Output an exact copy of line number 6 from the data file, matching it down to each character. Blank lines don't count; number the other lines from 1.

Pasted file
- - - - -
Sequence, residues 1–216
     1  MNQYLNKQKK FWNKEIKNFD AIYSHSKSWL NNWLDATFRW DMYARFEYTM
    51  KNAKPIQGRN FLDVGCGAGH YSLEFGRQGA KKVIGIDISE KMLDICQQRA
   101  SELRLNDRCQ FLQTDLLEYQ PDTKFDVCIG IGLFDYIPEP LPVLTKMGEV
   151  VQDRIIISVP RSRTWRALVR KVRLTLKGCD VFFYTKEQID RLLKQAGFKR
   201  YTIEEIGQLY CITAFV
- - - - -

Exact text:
   201  YTIEEIGQLY CITAFV